Platform: Steam for Mac/PC

I hate most of today’s popular music; I wont lie about that fact. It’s not because I hate a particular genre of music per se, more for the fact that every 5~10 years the human race tends to find a fad and stick with it, thus oversaturating the entertainment medium.

I got a copy of ,strong>Rush Bros. and upon looking at the quick press overview for the game I realized this was going to be a game that exploits the whole popular wave of electronic music that has hit most mainstream radio / TV stations and clubs. Honestly - I wasn’t looking forward to it. Oh how wrong I was to be so Cynical.

 photo rush-bros-002_zpseae230f0.jpgRush Bros. starts simply enough laying down the story in an old school cinematic NES style, almost like Ninja Gaiden meets Mega Man. The game basically revolves around two DJs, Bass and Treble, who used to be a duo, however they split one day when they want to gain more recognition through their own solo careers. However, a mysterious figure sees it fit to challenge the duo to a competition in which Bass and Treble compete against each other through a race. This competition makes up the rest of the game that is Rush Bros.

Basically the game revolves around instant pick-up and play with a drop-in and drop-out multiplayer functionality. You choose one of the 40 levels (All mostly unlocked) and start the game either solo or wait until you can compete against another online player (You can choose to play either Bass or Treble for each level and allow the other player to join to initiate a new split-screen session).

The levels and gameplay are in the style of a 2D puzzle-based challenging platformer similar somewhat to Super Meat Boy. There are tons of pitfalls and traps, however instead of outright making you ‘die’, they simply act as a hurdle to slow you down from completing the level. This style of level design fits in tune with the game’s competitive ‘race’ format.

Sometimes you will collect ‘keys’ in the shape of musical notes that will allow you to open locked doors to progress through the rest of the level. To collect the keys sometimes takes a long and torturous round-about path with many obstacles and back-tracking. Whilst you are trying to complete the level, you are also trying to collect power-ups to help speed you up or make you double-jump so that you can traverse the level faster than your opponent.

The level design is a bit of a mess in the earlier levels; most of the time power-up placement in feels unnecessary or unbalanced. In contrast, later levels that are much more difficult have a much tighter and better structural flow when it comes to challenges and item boosts. Some of the later levels are actually downright ingenious with computer style glitches you would see in old video games appearing randomly throughout the levels, sometimes making a whole floor disappear and re-appear very quickly. Needless to say the challenge of these levels is incredibly high as well as being a visual feast for the eyes.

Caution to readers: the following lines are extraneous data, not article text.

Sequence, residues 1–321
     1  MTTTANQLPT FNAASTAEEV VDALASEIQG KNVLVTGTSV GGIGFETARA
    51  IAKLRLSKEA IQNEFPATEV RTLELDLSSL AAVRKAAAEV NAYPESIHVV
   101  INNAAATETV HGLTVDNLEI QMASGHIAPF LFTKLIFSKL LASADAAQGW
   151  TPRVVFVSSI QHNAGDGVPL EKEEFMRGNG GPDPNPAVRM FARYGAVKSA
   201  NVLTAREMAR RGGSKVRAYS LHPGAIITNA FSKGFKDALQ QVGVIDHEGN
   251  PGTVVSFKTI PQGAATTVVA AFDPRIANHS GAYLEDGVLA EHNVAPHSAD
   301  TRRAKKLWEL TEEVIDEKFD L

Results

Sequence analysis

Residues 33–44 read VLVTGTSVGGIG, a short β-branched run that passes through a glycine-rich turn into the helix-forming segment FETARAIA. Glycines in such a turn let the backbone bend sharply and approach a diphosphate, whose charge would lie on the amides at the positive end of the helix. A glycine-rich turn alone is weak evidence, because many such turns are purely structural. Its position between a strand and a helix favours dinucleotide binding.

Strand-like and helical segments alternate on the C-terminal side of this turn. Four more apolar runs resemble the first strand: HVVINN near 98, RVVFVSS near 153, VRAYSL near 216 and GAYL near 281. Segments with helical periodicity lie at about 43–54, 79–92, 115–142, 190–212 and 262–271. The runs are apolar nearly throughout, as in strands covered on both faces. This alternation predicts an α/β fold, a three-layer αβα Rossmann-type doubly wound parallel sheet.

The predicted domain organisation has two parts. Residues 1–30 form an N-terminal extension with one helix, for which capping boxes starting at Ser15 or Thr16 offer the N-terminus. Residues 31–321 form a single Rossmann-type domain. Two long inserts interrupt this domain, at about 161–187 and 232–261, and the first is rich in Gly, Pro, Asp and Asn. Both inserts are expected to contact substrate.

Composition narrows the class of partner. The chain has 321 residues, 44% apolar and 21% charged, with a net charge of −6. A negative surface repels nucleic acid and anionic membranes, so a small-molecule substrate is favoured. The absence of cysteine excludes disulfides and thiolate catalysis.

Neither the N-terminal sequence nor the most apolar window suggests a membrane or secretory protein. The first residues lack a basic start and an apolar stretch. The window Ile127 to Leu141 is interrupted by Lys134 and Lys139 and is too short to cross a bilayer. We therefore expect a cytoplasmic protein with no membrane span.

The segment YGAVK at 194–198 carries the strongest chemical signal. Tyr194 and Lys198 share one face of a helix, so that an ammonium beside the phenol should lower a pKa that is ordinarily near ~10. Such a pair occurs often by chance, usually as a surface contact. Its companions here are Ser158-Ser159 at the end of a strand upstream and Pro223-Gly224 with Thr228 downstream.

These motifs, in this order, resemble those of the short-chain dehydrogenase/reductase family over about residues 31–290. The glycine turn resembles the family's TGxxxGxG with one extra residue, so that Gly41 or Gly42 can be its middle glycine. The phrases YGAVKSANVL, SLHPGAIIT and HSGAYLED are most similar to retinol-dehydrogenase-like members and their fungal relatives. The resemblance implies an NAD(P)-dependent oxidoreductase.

photo rush-bros-003_zps6312525e.jpgThere are two challenge modes that allow you to play the level sped-up or a survivor mode that sees you take-on some of the game’s very lengthy and difficult courses with only one life (I seriously can’t fathom how people will complete the whole game like this, especially with the game’s already incredibly high level of difficulty).

The controls feel quite tight for the most part, but it is a game suited for a controller. You CAN play with a keyboard, but don’t expect to be as successful as any opponent players with a controller will have an extreme advantage.

Visually the game is very slick and has a very ‘modern retro’ vibe found in a lot of indie games nowadays. One downside is the colour palette can feel repetitively monochromatic at times.

The music in Rush Bros. is all electronic, encompassing every popular electronic or club style you can think of. When you play the game, you will first notice that certain level obstacles such as spike traps or large looking ‘monitor speakers’ all rhythmically move to beat of the music that is playing at the time – The whole level itself pulses to the music you are playing!. You can at anytime change the track and this will change the complete rhythm of every obstacle and trap within the level in real-time – its quite ingenious and I haven’t seen any other game use a real-time music mechanic like this.

To make things even more enjoyable and interesting, you can put your own playlist of music into the game at any time. I found this a fantastic feature as you can really experiment to see how the level reacts to certain tracks whilst the tracks themselves become a total morale boost for your performance whilst you race other players.

 photo rush-bros-001_zps45376475.jpgThe stock soundtrack that comes with Rush Bros. sees many real-world artists collaborate in creating a wide range of electronic tunes, most of them pretty forgettable (As is the bane of the modern electronic musical genre), however there are one or two stand-out hits where you can’t deny the production is really fantastic and more importantly ‘feels right’ in the game.

Overall, Rush Bros. is really a great game if you are into incredibly challenging multiplayer games that have an online leaderboard. The unique aspect of using music to your advantage to decide the flow of a level is pretty damn cool, however the level design leaves much to be desired sometimes and can feel repetitive without a coherent flow for a race format.